An Ignatian way to live
For St Ignatius, the loving God is very active in our lives, seeking to heal us and bring us closer to Him and to one another. He encourages us to enter the Gospel scenes with the help of our imaginations and thus get to know Jesus personally whom we can trust and say anything to. We open up ourselves to Him so that He we can see and hear Him. This enables us to recognise Him more deeply in our everyday lives. Life and prayer become integrated, prayer making more sense of life and life being at the heart of our prayer. We find God in all things or, rather, we allow Him to find us and love us in all things.
The experience of Jesus active in our lives leaves us feeling grateful and asking:
“what have I done for Christ?”
“what am I doing for Christ?”
“what more can I do for Christ?”
Jesus desires a kingdom of peace, justice and love. He asks our help to bring this about. So Ignatian spirituality is a spirituality of service. Our sphere of action with Jesus might be within our own home - helping love, peace and justice to reign there. It may also be in some wider field but, always, it will be working with him to bring his Kingdom more completely into our world.
Ignatian spirituality encourages us to find God in all things – not only in the beautiful and inspiring, not only in the Church or with fellow Christians, but also in the ugly, mundane and sad.
There are many different ways of praying. Here are some ways of praying particularly associated with St Ignatius, known as Ignatian Spirituality. If these help you then, wonderful; if not, do not worry, find ways of praying that do help you find God more deeply. “Pray as you can, not as you can’t!”
The prayer that distinguishes Ignatian Spirituality is the 'examen'. The word 'examen' is Spanish for 'examine'.
In his book The Spiritual Exercises Ignatius introduces us to two forms of 'examen': the General Examination and the Specific Examination. The General Examen looks at what has been going on in my day, while the Specific looks at an area I want to change.
- Find a place where you can be quiet and undisturbed for a few minutes.
- You might like, also, to make this place special by placing a favourite holy picture, or crucifix in front of you. You may like to light a candle or play some quiet, gentle music in the background.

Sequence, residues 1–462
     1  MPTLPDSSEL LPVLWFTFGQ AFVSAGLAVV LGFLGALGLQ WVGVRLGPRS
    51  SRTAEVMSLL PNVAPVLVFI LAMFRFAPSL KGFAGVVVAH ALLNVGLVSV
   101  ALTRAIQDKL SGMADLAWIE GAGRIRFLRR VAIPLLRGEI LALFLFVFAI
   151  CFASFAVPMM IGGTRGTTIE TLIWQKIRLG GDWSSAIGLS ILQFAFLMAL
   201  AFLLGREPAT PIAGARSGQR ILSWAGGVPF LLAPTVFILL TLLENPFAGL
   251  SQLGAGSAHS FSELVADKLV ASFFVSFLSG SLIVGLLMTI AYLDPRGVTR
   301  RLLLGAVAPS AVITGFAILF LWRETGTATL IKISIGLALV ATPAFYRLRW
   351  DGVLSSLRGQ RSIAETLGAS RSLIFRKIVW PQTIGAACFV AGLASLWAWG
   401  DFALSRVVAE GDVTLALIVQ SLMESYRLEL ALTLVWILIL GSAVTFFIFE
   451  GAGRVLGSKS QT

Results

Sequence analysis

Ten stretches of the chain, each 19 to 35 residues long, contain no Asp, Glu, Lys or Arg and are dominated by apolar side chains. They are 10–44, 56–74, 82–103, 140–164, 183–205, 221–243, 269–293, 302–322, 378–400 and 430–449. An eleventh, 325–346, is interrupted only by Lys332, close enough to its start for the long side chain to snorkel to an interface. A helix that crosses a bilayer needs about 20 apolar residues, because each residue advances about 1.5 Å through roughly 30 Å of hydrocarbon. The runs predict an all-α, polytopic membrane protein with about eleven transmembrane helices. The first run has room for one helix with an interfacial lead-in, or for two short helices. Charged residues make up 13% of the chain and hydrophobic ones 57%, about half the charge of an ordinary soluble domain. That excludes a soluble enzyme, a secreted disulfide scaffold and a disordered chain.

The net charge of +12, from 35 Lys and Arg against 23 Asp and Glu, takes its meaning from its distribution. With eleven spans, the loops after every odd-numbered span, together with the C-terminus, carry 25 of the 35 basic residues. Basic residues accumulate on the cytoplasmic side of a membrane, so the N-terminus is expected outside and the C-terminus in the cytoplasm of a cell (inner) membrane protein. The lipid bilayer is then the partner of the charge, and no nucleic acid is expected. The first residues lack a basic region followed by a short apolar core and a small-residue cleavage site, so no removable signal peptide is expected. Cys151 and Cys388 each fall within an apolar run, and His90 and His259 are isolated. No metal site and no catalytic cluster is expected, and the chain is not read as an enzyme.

- Take a moment, then, to relax, to allow the concerns and activities of the day to settle down in your mind and in your heart. You may like to become more aware of the sounds around you and then to allow those sounds to fade away as you begin to enter more deeply into yourself and begin listening to God’s Spirit speak to your inner self. You may like to spend a few moments breathing slowly and quietly, remembering that every breath is a gift of God and is a sign of His love and of His presence.
What to do
- Begin by making the sign of the cross, slowly: “In the name of the Father and of the Son and of the Holy Spirit.”
- Then, ask God to send you the light of His Holy Spirit to help you to see the past day with His eyes, so that you may see whatever He wants to show you of particular importance. “Lord, help me to see whatever You want me to see, so that I may grow more aware of Your love for me and for the world, and that I may grow in my knowledge and love of You, of others, of the world and of myself.”
- You may, then, like to play the day back in your mind and in your heart, a bit like a film, remembering the moments which strike you the most.
- What good things have I heard today?
- What good things have I seen today?
- What good people have I met and talked to today?
- Is there one thing that stands out today that has moved me?
- When have I felt inspired, full of generosity, courage, hope?
- What dreams have I started to have?
After thanking God for these gifts, spend a short time asking God, again, to see clearly how, through these experiences, God is working in my life, and in the lives of others.
On the other hand, have there been moments where I have felt bored, fed up, lifeless or angry?